Understanding Quiet Personalities

I recently read Susan Cain’s book, Quiet: The Power of Introverts in a World That Can't Stop Talking (2012). Cain offers insights into the world of the introverted personality in a compelling and fascinating manner, and the book is worthwhile reading for anyone who finds themselves to be uncomfortable in social situations.

Personality structures are widely misunderstood. People tend to assume that there is something wrong with the quiet personality assuming that healthy people are socially active and talkative. Such assumptions are problematic for those of us who are reluctant social butterflies for a number of reasons.

Recently, a friend was sharing a story of a mutual friend, and how they often seemed totally oblivious to them when they spotted each other in the hallway, and stated they assumed the friend did not like them because they almost never said anything and had to be grabbed to get them to acknowledge their present. I nodded, because I had observed the same behavior from this individual, and truthfully, from many people including myself.

It surprised many people who have heard me speak in a class or at a conference, but I have always had a quiet and reticent personality, and speaking to even friends in an off-the-cuff situation, feels awkward at times. So, I have chosen periodically to pretend not to have noticed the other person. When I have forced myself to acknowledge them, my quiet friend that I previously mentioned, has said, “That is so Steve Carter.” I have learned to wear being Steve Carter as a badge of honor, not that I have any choice in the matter.

Cain (2012) points to a personality difference found in people who are high reactive, versus those that are low reactive. High reactive people are bombarded by stimulation all the time, internally and externally, and need time to recharge, and seek out the quiet on occasion by appearing asocial. Low reactive people in contrast seek stimulation, and find being alone to be boring. They feel compelled to seek out others and to engage in social small-talk, the bane of the quiet mind.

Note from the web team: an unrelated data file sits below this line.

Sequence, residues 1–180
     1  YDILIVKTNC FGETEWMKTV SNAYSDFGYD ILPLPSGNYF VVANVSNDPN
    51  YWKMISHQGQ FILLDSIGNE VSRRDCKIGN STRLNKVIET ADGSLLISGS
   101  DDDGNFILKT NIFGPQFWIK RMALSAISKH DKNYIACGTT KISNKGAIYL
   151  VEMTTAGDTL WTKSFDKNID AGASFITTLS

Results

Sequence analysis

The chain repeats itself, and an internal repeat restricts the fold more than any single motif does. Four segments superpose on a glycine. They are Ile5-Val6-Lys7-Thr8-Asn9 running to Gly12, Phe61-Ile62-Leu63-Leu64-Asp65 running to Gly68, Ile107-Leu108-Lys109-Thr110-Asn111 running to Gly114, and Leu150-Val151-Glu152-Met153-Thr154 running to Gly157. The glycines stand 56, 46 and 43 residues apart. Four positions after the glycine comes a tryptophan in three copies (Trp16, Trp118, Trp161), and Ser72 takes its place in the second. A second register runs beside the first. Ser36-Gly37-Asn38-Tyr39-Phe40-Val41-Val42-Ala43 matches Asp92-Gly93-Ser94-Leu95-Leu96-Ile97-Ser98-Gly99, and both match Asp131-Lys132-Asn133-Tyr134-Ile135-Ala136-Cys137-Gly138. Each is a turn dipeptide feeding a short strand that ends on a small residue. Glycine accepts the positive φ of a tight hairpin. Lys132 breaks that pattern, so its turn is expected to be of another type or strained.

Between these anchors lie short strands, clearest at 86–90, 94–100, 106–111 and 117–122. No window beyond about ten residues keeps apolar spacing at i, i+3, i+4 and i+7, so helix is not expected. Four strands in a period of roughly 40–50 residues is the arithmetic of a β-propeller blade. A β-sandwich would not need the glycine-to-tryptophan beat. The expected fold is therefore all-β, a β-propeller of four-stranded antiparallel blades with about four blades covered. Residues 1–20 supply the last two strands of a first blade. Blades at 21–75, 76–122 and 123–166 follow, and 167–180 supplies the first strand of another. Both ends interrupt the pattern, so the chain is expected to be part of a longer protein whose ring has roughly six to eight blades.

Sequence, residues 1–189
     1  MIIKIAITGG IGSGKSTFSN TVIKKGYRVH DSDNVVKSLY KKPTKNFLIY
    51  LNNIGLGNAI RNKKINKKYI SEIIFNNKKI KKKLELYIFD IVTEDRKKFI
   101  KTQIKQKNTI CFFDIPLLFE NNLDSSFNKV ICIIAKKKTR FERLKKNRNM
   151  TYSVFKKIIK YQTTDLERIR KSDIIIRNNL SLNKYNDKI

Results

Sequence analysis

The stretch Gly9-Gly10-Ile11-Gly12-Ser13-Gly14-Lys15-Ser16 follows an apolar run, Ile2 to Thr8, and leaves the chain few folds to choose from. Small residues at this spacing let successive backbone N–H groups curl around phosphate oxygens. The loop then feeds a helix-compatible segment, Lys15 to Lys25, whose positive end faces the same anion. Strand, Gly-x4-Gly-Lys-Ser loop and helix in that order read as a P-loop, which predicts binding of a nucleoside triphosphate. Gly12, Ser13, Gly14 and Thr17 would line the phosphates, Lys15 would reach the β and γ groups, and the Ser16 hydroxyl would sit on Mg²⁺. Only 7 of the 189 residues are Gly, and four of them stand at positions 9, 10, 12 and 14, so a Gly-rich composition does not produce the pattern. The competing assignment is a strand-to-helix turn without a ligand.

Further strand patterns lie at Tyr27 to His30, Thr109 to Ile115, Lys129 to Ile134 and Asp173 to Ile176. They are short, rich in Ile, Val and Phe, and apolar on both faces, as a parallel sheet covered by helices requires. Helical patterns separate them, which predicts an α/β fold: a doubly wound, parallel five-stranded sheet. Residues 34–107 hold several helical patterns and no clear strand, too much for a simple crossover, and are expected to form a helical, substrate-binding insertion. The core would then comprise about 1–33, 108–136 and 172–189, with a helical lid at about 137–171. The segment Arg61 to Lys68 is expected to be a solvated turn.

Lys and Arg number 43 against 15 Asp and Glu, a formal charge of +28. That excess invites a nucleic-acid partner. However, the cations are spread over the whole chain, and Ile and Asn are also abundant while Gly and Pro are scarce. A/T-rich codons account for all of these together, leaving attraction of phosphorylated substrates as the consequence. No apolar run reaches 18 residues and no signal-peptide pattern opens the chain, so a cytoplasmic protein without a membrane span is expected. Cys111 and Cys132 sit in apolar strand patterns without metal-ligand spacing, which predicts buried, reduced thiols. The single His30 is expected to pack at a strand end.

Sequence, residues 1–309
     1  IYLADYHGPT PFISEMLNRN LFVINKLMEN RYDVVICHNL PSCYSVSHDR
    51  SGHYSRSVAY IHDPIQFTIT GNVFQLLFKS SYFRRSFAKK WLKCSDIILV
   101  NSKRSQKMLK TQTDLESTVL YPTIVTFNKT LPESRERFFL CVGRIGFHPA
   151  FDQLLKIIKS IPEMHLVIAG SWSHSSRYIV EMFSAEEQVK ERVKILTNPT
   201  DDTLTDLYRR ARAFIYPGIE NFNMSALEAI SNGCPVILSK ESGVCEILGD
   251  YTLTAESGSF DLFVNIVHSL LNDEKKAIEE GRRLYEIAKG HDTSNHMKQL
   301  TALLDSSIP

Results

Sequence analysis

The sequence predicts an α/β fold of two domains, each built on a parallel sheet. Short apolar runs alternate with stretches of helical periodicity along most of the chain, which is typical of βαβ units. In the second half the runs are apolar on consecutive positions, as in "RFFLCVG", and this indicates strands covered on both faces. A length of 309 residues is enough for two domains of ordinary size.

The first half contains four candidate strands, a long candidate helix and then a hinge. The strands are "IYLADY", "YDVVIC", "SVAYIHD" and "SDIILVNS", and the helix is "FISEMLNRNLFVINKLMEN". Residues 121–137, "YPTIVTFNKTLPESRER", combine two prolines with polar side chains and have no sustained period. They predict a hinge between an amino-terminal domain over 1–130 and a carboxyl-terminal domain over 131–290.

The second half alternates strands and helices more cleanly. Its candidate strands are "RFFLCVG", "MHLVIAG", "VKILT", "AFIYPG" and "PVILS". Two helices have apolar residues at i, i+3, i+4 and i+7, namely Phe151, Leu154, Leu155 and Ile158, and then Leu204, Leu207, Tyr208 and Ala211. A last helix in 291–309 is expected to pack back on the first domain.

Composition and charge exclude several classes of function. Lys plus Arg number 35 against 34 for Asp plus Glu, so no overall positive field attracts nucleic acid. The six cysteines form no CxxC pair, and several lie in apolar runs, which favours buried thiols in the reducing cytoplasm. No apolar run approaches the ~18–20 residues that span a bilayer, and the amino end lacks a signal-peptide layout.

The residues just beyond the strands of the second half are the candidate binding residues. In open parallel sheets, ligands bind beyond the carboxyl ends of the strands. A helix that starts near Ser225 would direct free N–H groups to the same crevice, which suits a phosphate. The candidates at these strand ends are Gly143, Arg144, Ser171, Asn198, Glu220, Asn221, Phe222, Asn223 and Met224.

Brian Little, in delivering a TED Talk on the subject, https://youtu.be/qYvXk_bqlBk related his own quiet nature as a college professor, saying, “After teaching a class, I sometimes retire to a cubicle in the men’s room to avoid the slings and arrows of outrageous extraverts.” I was surprised to have someone else acknowledge doing this because I had found myself using the same practice.

It should be pointed out that quiet people are not necessarily shy, they are just quiet, often quiet thinkers who wonder a great deal about the world around them, and need time alone to contemplate the mysteries they encounter.

Many famous people have been introverts including, Albert Einstein, Abraham Lincoln, Bill Gates, Rosa Parks, Charles Darwin, Steve Wozniak, and scores of others. I should mention that introverts are not necessarily unable to speak publicly, certainly I consider myself to be quite good at public speaking and I enjoy it, but daily I need the sound of quiet to find myself again.

Cain (2012) referred to a culture of personality which consumed people in the twentieth century and led to the publication of how to books such as Dale Carnegie’s How to Win Friends and Influence People. These books often implied that those individuals who were quiet, needed to change to be more socially adept, a process that is very difficult for introverts.

In short, there is nothing wrong with being quiet. In fact, the quiet person, adequately motivated can be among the most influential of people. Rosa Parks and Thomas Paine are examples of those who contributed to great changes despite quiet natures.

For more information on the quiet personalities, read Cain’s book. It is worthwhile. See also Cain, Susan, "The power of introverts", TED. https://youtu.be/c0KYU2j0TM4

Cain, S. (2012), Quiet: The Power of Introverts in a World That Can't Stop Talking. Random House, New York.

Henry Carter